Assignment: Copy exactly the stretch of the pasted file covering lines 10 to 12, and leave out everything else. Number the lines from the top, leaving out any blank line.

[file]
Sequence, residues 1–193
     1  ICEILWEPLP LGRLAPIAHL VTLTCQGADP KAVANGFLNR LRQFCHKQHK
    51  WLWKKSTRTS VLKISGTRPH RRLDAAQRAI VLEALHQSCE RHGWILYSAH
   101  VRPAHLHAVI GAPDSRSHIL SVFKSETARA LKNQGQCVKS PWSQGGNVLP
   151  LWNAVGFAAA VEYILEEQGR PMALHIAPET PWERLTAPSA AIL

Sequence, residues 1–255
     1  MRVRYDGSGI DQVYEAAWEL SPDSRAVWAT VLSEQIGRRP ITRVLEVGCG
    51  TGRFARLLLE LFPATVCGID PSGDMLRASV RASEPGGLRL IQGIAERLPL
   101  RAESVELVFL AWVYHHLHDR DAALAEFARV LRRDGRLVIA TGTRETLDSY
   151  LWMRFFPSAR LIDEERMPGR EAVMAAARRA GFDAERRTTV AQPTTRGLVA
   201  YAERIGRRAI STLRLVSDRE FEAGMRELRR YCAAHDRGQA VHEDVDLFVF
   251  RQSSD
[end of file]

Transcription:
   151  LWMRFFPSAR LIDEERMPGR EAVMAAARRA GFDAERRTTV AQPTTRGLVA
   201  YAERIGRRAI STLRLVSDRE FEAGMRELRR YCAAHDRGQA VHEDVDLFVF
   251  RQSSD